S4R Monster With Ducati Performance Power Kit

Of course leading to the obvious question “Which kit?”. In this case, part number 96439503B, being mufflers, muffler pipes, ECU and air filter kit. And some mounting brackets and bolts (but no instructions in ours). See photo below.

I was curious to see how the kits work, and how the 996 Monster worked in general with the different style exhaust. The std system uses 40mm OD header pipes (like the S4, 851, 888) into a central muffler/catalytic convertor box that sits under the back of the engine, looking rather like an over full nappy. Then two pipes out of that to two high mounted mufflers on the right. Apart from the high mounted mufflers I think they’re a pretty spiffy looking jigger. Your opinion may vary. I’d like an all black one with the paintwork redone in orange (Hemi orange, or perhaps Lone oranger) with a black skinny/fat/skinny 3 stripe scheme down the middle and orange stripes around the rim edges. Yes, even with the black wheels.

Power wise I was curious to see how the shape of the curve compared to the ST4S – identical apart from the exhaust system. And whether the smaller headers hurt the power or if the crappy nappy actually worked. The S4R also has a single air inlet to the airbox, being rectangular shaped, whereas the ST4S has two round ones. Probably equal in area in real terms. On the road I’d been quite surprised by the power of the S4R as it reached the top end, but the response was a bit lacking I thought. The gearing however, is, for once, spot on. 15/42 with the 1.84 primary drive ratio and wide ratio gearbox is about as much as I could hope for. The ST4S struggles along with 15/38, and we’ve had quite a few ST4S owners go to15/43.

The first graphs are before and after for this bike. Green is all std, red is the power kit fitted. I’d expect the air filter kit – being the cut open lid and BMC filter – to account for quite a bit of the increase, but it’s still a nice result. Certainly gives the bike more pep in its step. The air/fuel trace is fairly consistant before and after, which is nice too. First graph is power, the torque and air/fuel.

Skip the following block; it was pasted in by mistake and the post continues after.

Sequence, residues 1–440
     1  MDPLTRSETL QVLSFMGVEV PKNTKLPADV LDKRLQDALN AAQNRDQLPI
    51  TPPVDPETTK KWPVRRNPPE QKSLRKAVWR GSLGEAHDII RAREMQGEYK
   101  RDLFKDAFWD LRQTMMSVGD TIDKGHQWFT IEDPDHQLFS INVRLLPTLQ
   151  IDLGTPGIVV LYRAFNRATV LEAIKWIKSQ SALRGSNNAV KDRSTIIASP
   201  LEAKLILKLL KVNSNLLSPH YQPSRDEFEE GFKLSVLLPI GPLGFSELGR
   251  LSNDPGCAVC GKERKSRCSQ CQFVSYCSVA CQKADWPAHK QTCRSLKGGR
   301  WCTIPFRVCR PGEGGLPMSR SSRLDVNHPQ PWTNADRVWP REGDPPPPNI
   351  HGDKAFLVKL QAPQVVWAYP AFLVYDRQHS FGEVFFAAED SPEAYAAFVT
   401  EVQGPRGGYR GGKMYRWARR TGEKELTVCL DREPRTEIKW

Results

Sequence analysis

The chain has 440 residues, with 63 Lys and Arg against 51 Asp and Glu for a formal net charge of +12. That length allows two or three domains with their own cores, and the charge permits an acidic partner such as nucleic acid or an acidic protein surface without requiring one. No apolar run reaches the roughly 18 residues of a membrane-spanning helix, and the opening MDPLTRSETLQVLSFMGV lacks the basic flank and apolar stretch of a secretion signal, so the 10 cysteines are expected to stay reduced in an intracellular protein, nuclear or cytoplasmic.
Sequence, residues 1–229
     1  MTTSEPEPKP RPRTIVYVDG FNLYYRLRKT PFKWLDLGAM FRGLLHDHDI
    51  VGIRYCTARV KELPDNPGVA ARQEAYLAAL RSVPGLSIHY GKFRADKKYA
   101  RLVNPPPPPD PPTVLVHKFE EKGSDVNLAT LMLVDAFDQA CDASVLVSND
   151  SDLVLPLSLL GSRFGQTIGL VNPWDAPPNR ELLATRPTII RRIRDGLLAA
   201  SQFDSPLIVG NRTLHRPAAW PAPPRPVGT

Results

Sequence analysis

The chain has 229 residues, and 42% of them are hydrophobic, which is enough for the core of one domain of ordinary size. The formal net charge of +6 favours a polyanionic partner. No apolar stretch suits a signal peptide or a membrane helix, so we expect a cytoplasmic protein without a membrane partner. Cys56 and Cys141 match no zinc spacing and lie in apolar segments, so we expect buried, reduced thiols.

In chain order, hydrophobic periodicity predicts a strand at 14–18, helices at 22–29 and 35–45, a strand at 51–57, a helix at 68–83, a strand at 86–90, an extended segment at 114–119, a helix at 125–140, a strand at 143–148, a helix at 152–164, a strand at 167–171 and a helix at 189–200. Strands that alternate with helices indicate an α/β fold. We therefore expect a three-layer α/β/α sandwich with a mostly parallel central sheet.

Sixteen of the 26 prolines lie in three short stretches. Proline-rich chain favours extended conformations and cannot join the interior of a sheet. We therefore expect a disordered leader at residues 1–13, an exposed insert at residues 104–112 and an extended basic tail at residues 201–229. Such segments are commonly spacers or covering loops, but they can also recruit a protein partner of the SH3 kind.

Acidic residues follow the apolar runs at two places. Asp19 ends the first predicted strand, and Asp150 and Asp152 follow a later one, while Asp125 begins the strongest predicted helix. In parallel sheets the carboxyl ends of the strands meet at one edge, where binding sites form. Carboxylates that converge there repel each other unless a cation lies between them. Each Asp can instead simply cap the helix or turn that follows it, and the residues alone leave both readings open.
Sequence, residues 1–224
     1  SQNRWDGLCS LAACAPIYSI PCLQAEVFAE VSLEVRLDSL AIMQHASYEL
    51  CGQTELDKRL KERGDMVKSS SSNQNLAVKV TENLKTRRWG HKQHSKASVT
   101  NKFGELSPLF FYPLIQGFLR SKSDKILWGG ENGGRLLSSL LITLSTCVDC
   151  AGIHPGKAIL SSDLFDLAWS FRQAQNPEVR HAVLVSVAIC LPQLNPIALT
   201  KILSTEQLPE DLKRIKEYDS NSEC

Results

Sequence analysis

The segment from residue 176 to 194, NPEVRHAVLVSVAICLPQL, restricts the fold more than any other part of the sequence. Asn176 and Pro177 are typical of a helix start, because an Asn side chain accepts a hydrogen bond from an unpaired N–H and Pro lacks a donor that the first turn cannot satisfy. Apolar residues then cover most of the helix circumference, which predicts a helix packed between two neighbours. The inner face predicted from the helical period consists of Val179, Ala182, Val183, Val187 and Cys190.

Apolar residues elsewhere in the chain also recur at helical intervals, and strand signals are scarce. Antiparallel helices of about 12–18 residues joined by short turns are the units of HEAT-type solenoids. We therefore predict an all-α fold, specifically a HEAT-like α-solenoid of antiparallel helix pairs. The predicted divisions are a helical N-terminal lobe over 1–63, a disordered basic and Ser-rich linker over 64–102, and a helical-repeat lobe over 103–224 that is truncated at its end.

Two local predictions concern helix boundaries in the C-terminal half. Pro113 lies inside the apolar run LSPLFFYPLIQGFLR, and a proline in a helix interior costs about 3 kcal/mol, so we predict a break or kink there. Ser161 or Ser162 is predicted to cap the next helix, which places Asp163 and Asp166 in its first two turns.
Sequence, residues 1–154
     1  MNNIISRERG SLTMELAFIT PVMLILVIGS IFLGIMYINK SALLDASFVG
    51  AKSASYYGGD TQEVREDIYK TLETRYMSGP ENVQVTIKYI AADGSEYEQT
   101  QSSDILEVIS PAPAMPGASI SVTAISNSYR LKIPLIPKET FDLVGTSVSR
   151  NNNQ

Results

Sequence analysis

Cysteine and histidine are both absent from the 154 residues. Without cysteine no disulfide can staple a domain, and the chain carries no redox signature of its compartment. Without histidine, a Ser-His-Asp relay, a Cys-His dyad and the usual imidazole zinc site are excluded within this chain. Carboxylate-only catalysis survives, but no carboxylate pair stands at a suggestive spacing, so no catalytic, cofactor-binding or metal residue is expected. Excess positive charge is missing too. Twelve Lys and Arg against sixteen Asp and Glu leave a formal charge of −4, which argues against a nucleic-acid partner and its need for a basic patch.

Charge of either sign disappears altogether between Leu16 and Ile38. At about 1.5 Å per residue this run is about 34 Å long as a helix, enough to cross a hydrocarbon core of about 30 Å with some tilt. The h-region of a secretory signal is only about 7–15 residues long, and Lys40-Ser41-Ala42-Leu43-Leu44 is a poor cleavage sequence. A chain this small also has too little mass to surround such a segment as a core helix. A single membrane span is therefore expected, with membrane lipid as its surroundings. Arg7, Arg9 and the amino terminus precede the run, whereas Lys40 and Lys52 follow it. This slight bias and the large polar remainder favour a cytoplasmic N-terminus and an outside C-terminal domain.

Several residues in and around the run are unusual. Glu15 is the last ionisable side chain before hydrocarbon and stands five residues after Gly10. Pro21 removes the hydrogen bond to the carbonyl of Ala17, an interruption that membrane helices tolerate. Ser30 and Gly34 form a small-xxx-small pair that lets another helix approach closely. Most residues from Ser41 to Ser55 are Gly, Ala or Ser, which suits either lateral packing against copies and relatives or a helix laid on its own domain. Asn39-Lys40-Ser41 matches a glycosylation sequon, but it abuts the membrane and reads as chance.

Dynograph courtesy of DYNOBIKE (03) 9553 0018

Dynograph courtesy of DYNOBIKE (03) 9553 0018

Like a Multistrada with some slip on mufflers (our demo has Staintune) the noise isn’t as loud as most would expect. Just like many of the BMW R series that have central cat boxes, much of the noise muffling occurs there also. So while it’s quite a nice note – certainly not too loud – it just won’t do for some. I’d call it quite livable even without ear plugs – just like my 600M, unlike my 851. Up to you.

Next we’ll compare it to the ST4S, which shares the same engine, inlet system and basic frame design. The only real difference affecting engine performance is the exhaust system. Std, the difference isn’t that great, which is how they feel to ride. Red is S4R, green is ST4S.

Dynograph courtesy of DYNOBIKE (03) 9553 0018

Add the muffler kits however, and the difference is much more obvious. Both the full ST4S kit and this S4R kit have slip on mufflers, ECU and air filter kits. It’s the exhaust header pipes where it all goes bad. Red is S4R, green is ST4S.

Dynograph courtesy of DYNOBIKE (03) 9553 0018

That’s a pretty big difference – up to 10 hp @ 8,000 RPM. Not that you notice something you haven’t got, but it would certainly be an arm stretcher with that extra performance. Why they decided to do without it in a market niche that trades on performance is somewhat beyond me.

I’d expect that fitting a system in 45mm (or even bigger, I’m sure everyone will want 50) that started at the end of the header stubs (about 120mm from the exhaust port) and made in the usual 2-1-2 style ala 996 with a x-over at the side and mufflers as desired will see the potential of this engine released. We already know what it’s capable of. Arrow has already released a system like this I believe, as have others such as Spark and Marving.

After I’d finished this report it occurred to me that I hadn’t compared it to the S4. So I did, mainly to see if the 9% capacity increase delivered a 9% torque increase. Surprisingly, it didn’t. In fact, for much of the RPM range, it didn’t do much at all. Which is a real pity, and probably the reason some S4 owners who’ve tried the S4R haven’t been so enthused after riding it. Whether it’s the exhaust that’s the issue here I’m not sure, but you’d think someone at Ducati would have worked it out. Power first, then torque. S4R is red, S4 is green. Both have the DP slip on muffler / ECU / air filter power kits, although all std is much the same story.

Dynograph courtesy of DYNOBIKE (03) 9553 0018

Dynograph courtesy of DYNOBIKE (03) 9553 0018

I had been hoping to get hold of an S4R for some playing, as it would appear there’s plenty of playing to do. I’ll have to wait and see – and maybe move some of the others to make room.

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